As a kid in Hawaii, I would camp on the beach in Kona with my extended ‘ohana (family). On Friday night at sunset, my uncles and older cousins would “lay net,” affixing a 100-foot gillnet to the reef and setting it overnight. At daybreak on Saturday, it would be chock full of fish and sea life—a haul that provided us with delicious food for the whole weekend. Even then, it didn’t seem right to me that more than half the fish in the net, already dead or dying, were discarded because they weren’t considered “good eating.”
Thankfully, since that time, many fishermen and policymakers have recognized that indiscriminate fishing is wasteful and unsustainable. Laying net is now strictly regulated in Hawaii, and federal regulations require U.S. commercial fishermen to adhere to some of the strongest standards in the world to ensure sustainability. However, fish don’t know political boundaries, and many species travel beyond U.S. waters where they can be caught by fishermen from countries near and far, often leading to population declines.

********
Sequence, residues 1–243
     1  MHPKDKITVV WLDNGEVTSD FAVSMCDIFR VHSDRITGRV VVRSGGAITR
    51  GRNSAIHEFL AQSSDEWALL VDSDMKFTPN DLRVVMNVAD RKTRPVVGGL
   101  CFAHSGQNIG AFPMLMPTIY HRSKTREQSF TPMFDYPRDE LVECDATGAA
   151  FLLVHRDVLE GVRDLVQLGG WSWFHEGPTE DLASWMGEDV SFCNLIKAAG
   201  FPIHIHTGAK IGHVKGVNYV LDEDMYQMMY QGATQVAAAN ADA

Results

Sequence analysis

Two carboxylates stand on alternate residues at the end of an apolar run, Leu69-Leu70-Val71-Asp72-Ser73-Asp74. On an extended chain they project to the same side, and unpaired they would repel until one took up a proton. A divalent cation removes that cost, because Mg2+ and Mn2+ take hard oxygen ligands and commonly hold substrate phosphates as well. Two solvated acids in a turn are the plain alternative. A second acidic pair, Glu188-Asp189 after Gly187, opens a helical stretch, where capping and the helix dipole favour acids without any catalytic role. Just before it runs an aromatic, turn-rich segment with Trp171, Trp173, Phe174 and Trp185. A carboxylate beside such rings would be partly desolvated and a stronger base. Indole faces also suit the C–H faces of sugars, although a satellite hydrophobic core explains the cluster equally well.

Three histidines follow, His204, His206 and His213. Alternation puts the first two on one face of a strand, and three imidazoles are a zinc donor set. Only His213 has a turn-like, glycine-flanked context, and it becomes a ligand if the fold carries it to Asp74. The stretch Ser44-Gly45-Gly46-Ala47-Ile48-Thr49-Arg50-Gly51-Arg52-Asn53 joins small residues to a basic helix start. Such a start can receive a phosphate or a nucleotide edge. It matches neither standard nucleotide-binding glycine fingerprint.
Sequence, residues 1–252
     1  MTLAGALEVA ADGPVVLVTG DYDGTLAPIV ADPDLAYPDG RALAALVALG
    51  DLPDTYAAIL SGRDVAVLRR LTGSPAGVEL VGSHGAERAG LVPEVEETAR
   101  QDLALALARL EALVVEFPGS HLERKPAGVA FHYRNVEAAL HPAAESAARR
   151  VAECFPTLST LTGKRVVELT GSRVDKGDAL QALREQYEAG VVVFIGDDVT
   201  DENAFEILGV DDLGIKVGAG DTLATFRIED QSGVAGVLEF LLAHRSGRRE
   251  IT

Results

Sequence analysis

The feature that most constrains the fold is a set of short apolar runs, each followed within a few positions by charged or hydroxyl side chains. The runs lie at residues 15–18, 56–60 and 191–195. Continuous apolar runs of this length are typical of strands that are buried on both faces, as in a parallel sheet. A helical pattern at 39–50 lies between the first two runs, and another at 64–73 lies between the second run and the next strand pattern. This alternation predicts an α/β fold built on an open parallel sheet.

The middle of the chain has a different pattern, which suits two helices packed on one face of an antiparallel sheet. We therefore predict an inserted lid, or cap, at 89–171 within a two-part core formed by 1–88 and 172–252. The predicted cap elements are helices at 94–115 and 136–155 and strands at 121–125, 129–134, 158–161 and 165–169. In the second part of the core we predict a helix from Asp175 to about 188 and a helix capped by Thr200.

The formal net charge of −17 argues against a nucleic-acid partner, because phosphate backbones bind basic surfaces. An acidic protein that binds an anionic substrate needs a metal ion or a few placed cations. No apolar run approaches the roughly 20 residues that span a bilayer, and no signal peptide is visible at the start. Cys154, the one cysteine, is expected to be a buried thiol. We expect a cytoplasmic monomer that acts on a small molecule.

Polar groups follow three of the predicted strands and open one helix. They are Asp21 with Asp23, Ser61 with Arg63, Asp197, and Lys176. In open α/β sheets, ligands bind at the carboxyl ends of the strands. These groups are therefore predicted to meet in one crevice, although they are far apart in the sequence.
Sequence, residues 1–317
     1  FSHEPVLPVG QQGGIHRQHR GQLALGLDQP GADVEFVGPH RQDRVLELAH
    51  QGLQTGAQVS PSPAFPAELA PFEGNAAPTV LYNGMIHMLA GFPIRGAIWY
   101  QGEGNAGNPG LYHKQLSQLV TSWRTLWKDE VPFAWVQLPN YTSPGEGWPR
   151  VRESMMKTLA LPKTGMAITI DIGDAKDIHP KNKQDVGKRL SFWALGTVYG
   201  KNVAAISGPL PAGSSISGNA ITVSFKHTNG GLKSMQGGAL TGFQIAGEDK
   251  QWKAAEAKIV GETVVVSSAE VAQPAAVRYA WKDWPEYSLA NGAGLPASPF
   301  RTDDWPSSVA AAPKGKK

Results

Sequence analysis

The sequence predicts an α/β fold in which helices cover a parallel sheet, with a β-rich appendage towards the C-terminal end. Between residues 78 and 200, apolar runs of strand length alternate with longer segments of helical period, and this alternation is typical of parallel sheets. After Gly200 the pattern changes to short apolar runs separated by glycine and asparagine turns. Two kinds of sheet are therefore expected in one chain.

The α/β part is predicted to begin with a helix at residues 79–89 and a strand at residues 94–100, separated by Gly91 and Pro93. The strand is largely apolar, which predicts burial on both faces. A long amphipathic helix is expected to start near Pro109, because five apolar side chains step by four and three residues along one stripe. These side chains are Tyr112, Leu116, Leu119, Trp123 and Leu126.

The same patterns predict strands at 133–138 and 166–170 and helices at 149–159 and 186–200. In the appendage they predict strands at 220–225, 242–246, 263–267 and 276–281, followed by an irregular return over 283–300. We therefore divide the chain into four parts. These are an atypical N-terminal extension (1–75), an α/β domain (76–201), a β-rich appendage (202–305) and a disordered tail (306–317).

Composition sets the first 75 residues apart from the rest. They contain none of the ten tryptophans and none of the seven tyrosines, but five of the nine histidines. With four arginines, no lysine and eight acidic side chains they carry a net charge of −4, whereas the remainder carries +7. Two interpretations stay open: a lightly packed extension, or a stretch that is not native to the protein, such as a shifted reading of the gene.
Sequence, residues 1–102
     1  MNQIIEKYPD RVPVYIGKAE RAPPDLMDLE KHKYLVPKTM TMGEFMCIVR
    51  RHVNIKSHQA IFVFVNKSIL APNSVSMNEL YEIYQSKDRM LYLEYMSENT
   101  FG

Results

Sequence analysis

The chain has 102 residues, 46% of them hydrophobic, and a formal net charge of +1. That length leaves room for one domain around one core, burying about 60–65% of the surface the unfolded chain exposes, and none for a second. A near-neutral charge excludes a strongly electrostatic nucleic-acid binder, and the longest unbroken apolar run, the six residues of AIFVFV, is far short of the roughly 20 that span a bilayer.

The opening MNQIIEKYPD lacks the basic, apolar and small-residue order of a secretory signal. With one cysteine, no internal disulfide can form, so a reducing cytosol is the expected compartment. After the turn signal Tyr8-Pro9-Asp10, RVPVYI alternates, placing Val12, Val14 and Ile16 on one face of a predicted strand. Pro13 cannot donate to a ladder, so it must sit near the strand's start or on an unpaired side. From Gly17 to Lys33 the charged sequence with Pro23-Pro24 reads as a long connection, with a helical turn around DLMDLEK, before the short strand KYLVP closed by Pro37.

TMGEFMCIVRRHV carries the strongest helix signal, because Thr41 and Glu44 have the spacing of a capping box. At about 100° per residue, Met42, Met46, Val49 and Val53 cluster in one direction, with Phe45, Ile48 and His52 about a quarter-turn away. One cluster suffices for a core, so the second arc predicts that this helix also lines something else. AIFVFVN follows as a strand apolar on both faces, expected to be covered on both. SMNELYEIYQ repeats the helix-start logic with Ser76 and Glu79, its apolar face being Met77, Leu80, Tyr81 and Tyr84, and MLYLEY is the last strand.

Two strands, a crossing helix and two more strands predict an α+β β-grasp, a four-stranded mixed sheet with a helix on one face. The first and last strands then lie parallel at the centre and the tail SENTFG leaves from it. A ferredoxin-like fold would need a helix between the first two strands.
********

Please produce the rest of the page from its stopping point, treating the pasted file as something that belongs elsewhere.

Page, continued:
Nowhere does that apply as dramatically as it does to Pacific bluefin tuna.
The ancient Polynesians who first settled Hawaii are famous for their voyages across the Pacific. Bluefin tuna make epic journeys, too. They’re born in the Western Pacific Ocean, off Japan and the northern Philippines. Some of them stay there; others, around one year of age, migrate to Eastern Pacific waters off California and Baja California. A few years later, they return to Japan to spawn, passing near Hawaii on their journey across the Earth’s biggest sea.
“We know how important it is to be good stewards of the sea, which provides us with so much sustenance. But it’s not a bottomless pantry.”
Pacific bluefin tuna are culturally, economically and ecologically important to countries on both sides of the Pacific, including Japan and the United States. Here in Hawaii, we have a stake in the future of both nations. Our way of life incorporates elements of Japanese and U.S. cultures. We know how important it is to be good stewards of the sea, which provides us with so much sustenance. But it’s not a bottomless pantry.